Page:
The true cost of having children

According to The child Poverty Action Group, the cost of having a child is over £150,000 for a couple and over £200,000 for a lone parent, but aside from the costs of childcare, which will likely contribute a lot to those figures, there are some other unexpected and hidden costs that parents spend out on, which can make the true cost of having children more than expected.


Pre-children you will have ensured that you have your home insured, but it is worth checking what it covers, because you will find stains on the carpet, there may be accidental flooding, things broken….there are lots of scenarios that could happen, so it is best to make sure that you are covered.

Along with checking your house insurance, something which is often not thought of is taking out family insurance. Companies like Cover my Bubble, offer fantastic cover care on ensuring you are covered while you are pregnant, right through to kids life cover, cover if your partner passes away, and income protection and critical illness cover.

Increased bills

You can be as energy savvy as you like, but all those lights on in the middle of the night, the earlier mornings and the extra loads of washing and drying all add up and the cost of running your home increases.

There are ways to save on your bills though, by shopping around and doing things like the washing when energy is cheaper, making sure your house is well insulated and remembering to switch off appliances at the socket when they are not in use. To keep the cost of your shopping down, check out our tips here.

Special occasions

Birthday parties can be an expensive gig and the pressure to make sure that your child has the best time celebrating can lead to you spending hundreds of pounds. Of course, you don’t need to spend a fortune on a party, but particularly once your child starts school, you will find that your child is attending a birthday party almost every weekend and needing to buy a present to take along – all of which can take a chunk out of your monthly budget.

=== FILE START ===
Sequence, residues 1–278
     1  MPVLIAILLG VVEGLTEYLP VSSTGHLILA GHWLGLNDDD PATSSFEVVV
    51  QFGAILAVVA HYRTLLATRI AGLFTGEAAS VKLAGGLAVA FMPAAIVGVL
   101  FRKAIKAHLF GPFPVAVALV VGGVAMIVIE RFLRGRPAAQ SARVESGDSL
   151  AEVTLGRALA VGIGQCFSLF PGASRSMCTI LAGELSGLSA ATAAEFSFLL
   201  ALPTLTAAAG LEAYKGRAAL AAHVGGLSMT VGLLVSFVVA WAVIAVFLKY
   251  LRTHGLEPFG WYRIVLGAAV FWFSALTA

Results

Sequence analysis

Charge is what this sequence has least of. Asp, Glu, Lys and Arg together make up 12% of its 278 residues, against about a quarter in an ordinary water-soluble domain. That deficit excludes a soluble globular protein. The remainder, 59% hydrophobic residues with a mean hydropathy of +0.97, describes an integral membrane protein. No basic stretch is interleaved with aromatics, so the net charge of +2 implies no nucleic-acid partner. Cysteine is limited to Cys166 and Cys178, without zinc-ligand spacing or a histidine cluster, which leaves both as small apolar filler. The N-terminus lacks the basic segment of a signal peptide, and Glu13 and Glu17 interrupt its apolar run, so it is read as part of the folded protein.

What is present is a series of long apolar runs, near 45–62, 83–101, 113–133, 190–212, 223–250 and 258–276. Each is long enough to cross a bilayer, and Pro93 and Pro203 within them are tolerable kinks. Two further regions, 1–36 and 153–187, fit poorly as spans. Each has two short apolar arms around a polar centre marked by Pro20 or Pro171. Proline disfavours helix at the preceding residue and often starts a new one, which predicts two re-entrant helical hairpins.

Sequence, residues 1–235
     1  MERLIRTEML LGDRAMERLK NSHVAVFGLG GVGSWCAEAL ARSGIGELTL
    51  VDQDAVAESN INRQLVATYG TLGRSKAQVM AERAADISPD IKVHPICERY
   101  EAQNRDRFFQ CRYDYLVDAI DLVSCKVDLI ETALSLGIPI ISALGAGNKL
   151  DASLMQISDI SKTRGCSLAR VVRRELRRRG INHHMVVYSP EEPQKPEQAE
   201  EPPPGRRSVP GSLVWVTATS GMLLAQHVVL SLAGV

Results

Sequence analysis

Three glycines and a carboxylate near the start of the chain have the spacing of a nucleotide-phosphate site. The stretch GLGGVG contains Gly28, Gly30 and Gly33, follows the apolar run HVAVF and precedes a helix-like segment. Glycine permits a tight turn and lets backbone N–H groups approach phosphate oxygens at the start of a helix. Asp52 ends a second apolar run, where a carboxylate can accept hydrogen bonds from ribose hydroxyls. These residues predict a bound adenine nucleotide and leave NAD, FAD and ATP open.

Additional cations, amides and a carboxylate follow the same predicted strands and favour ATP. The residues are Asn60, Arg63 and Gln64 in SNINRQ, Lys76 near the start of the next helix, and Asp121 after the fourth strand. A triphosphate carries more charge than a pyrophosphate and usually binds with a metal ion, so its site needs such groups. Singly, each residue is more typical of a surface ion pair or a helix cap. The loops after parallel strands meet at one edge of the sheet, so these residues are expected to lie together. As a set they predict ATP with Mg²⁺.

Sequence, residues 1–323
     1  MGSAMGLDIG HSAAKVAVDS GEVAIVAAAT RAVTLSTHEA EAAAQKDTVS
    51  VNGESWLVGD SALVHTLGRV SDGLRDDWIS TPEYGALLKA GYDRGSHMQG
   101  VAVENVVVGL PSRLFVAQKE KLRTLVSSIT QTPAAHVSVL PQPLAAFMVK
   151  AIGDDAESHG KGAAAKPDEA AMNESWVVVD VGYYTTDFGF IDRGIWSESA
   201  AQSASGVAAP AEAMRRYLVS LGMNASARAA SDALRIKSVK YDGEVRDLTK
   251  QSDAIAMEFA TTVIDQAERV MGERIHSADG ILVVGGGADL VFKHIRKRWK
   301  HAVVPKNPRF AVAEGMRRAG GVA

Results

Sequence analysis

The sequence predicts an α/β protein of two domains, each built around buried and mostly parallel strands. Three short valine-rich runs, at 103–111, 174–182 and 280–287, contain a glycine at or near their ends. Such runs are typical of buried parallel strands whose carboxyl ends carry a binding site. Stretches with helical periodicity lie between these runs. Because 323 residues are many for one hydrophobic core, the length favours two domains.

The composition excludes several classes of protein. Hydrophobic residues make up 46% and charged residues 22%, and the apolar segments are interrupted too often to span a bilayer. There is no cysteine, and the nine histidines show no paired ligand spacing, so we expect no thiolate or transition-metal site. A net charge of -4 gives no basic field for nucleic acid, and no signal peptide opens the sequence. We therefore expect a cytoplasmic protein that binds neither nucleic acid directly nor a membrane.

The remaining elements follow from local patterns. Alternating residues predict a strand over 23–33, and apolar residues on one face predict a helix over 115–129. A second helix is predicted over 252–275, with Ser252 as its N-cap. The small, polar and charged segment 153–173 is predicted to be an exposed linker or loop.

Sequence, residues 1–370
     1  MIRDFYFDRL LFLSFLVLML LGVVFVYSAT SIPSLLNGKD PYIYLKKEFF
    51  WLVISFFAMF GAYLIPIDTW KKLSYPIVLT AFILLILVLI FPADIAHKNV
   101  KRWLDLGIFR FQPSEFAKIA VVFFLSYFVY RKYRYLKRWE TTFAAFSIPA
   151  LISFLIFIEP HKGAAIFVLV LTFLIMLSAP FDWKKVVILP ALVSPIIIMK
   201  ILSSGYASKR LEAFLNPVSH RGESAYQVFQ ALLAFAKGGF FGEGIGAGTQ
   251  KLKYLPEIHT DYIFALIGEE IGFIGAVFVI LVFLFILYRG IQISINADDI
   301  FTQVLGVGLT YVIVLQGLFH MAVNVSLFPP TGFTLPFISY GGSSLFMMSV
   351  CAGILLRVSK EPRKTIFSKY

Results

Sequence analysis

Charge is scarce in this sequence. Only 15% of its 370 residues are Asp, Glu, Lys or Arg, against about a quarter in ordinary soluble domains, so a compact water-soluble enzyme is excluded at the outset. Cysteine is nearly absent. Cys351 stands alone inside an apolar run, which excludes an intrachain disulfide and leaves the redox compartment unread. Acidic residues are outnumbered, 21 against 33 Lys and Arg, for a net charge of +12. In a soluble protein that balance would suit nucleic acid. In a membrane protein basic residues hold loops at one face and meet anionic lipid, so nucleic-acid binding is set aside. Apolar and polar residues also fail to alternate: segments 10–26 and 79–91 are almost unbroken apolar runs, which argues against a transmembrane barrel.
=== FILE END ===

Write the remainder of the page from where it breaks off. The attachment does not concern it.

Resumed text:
And, it’s not just birthdays which will be an extra cost, there is Christmas and Easter to also take into consideration, because as much as Father Christmas and the Easter Bunny like to take the credit for all the presents and sweet treats, they are not the ones footing the bill!


Right from before giving birth there are classes and groups you may want to attend. They may be necessary to ensure that you feel prepared for your baby’s arrival, but they don’t come cheap.

Once baby arrives, there are lots of different groups and classes you can attend and as your child gets older, the groups, classes and clubs increase. From life skills lessons such as swimming, to sports clubs, social clubs like Girl Guiding and Scouts, and music lessons, your budget is set to take a bashing.


You will find your admin notches up a gear when your child starts school, and a lot of it will be asking for money. From shelling out for school trips, to bake sales and school fates, there are PTfA events, mufti days, school dinners and uniform and equipment – there is always something to spend out on, so factoring this into your weekly or monthly budget is essential.

Pocket money

With debt a huge problem for many adults, ensuring our children are financially savvy is important, and one of the best ways of doing this is by giving them pocket money, so they learn how to spend wisely, budget and save.

Children as young as 4 years old can start having pocket money, but it is up to you how much you give and if they have to ‘earn’ it. It is also up to you how you think your child spend their money, but do allow them to have some say, as this is how they will learn.

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